When we had the sudden increase in mortgage rates last May, buyers hit the brakes and we had another dramatic change in the housing market, going from a frenzy with multiple offers to pretty much a standstill overnight. With homes sitting on the market and few buyers, we shifted from a sellers’ market to a buyers’ market giving the buyer negotiating power again.
The Market Did not Crash
There was a lot of fear the housing market was going to crash like it did in 2007/2008. The market couldn’t continue at the pace it was on and when the market shifted, buyers were waiting to see if the bottom was going to drop out of the housing market and prices were going to plummet, it didn’t happen.
Prices did decline by 13.6 percent from May to December which was possibly the bottom of the market as we have started to see an increase again.
Buyers Are Coming Back into the Market
Once buyers realized the housing market wasn’t going to crash, and mortgage rates are fluctuating between a tighter range with a good chance of going higher, buyers decided to get off the sidelines and come back in the real estate housing market again. After all, if mortgage rates did drop, they could refinance to the lower rate but at least lock in at the rate now.
In January we started to see buyers come back and demand has picked up over the past couple of months while supply is declining. We have started to see multiple offers again on some properties, but buyers are still hanging on to their negotiation power in most areas. But how long is that going to last?
Buyers Have Negotiating Power
Today, buyers still have the upper hand, but that margin is getting narrower every day. When homes sit on the market for longer, sellers are more likely to accept a lower offer but what is really beneficial to buyers right now is the negotiation power they have to set their own terms.
Repairs: Sellers are willing to do repairs. Unlike the housing market for the past few years when buyers had to throw everything at a seller and purchase a home As Is, now the buyers have the upper hand and can ask sellers for repairs.
Sellers Concessions — Closing Costs: Offering $10,000 less on the purchase price doesn’t make much of a difference to your monthly mortgage payment but having the seller pay $10,000 towards your closing costs means that is $10,000 less you have to bring to the table at closing. It’s like cash in your hand.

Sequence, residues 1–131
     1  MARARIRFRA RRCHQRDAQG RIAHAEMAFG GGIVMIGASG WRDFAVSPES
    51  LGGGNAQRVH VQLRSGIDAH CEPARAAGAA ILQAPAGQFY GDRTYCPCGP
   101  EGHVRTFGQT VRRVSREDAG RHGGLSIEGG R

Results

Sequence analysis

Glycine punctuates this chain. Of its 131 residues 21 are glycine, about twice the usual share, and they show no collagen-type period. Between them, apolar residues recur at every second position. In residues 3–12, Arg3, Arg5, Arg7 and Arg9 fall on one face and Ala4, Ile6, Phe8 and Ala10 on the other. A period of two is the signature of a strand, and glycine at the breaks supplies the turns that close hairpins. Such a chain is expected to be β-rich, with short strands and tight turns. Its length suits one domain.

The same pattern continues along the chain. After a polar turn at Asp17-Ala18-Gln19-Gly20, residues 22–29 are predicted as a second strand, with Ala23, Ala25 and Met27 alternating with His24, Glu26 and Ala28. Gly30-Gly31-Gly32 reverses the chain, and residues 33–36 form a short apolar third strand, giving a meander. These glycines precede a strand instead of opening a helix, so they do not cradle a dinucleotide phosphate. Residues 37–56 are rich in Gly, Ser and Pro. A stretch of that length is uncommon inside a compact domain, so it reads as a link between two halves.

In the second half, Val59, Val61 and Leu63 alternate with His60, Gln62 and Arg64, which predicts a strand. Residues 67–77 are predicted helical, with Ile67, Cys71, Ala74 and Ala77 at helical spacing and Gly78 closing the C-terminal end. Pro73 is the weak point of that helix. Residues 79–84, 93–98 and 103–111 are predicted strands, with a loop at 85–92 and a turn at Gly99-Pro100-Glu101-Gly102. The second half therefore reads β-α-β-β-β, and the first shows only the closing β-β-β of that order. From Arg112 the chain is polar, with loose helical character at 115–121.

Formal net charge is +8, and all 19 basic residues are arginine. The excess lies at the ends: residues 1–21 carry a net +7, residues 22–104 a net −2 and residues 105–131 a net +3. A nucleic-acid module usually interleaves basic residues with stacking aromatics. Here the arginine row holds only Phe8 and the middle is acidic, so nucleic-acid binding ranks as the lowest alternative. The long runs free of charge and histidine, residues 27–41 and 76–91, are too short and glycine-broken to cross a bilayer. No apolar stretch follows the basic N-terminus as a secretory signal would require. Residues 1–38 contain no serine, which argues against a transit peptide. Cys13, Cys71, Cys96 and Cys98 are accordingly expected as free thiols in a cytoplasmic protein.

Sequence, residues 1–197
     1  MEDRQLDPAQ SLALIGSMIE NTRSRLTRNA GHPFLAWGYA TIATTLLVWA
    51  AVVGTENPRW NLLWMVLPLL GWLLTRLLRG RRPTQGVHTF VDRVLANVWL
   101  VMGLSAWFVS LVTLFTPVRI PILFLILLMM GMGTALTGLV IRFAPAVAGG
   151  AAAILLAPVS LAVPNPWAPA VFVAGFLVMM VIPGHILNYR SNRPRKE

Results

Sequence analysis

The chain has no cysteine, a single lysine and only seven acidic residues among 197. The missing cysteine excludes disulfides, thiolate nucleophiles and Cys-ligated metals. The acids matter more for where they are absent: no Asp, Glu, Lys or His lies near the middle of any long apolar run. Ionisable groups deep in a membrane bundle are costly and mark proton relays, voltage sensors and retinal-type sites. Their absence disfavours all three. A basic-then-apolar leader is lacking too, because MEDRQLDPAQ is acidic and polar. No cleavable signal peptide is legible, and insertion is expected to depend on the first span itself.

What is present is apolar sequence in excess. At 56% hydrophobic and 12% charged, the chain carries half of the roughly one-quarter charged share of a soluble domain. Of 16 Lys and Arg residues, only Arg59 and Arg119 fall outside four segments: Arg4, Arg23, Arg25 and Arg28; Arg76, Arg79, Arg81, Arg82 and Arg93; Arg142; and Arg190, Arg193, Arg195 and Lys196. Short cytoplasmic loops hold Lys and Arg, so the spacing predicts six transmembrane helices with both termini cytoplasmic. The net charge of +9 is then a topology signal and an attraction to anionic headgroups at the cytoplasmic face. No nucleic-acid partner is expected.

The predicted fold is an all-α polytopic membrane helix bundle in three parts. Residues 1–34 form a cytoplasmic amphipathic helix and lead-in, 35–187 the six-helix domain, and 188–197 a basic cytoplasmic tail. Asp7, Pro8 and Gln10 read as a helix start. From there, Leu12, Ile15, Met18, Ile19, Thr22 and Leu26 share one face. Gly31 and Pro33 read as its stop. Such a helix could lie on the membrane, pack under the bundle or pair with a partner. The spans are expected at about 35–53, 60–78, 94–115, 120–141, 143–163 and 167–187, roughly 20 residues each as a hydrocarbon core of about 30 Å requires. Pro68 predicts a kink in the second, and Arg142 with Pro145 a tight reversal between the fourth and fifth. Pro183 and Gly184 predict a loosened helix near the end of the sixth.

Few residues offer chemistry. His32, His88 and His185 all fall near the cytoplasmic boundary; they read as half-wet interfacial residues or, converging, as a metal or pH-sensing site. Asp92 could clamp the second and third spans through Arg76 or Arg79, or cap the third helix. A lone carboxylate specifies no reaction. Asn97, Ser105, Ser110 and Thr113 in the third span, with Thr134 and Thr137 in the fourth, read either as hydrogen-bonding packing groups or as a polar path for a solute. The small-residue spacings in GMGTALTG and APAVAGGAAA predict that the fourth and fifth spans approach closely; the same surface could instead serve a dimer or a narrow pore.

Rate Buydown: This has become one of the most popular concessions over the past few months and something we haven’t seen before, or at least not in the 14 years I have been doing real estate. When the rates jumped up some buyers were priced out of the housing market or had their buying power cut. To help negate the higher interest rates, buyers are asking the seller to contribute towards a rate buydown, usually one to three percent of the purchase price.
You’ll generally pay one percent of the total loan amount for each point and receive a 0.25 percent rate reduction, but the cost and discount vary depending on the housing market and lender and type of buydown you get. Make sure you check with your lender if the rate buydown is temporary — usually a one to three-year rate buydown, or a permanent fixed rate reduction for the entirety of the loan.
Renting Versus Owning
When home prices increase, rental prices are right there with them and have increased 48 percent in the past two years. With sellers willing to pay concessions towards a buyer’s closing costs or to buy down the interest rate, and with down payments as low as 3 percent, owning a home is becoming more attractive to renters.
Why pay someone else’s mortgage payments when you can pay your own? Homebuyer.com data shows a 15.4 percent jump in first-time home buyer mortgage applications in February compared to the prior month
If you are thinking of buying a home, now may be the best time when you can take advantage of the negotiation power a buyer has. I can help guide you through the process and negotiate the best possible deal tailored to what benefits you the most.
Please don’t hesitate to contact me if you have any questions or are ready to start the home-buying process and find your perfect home.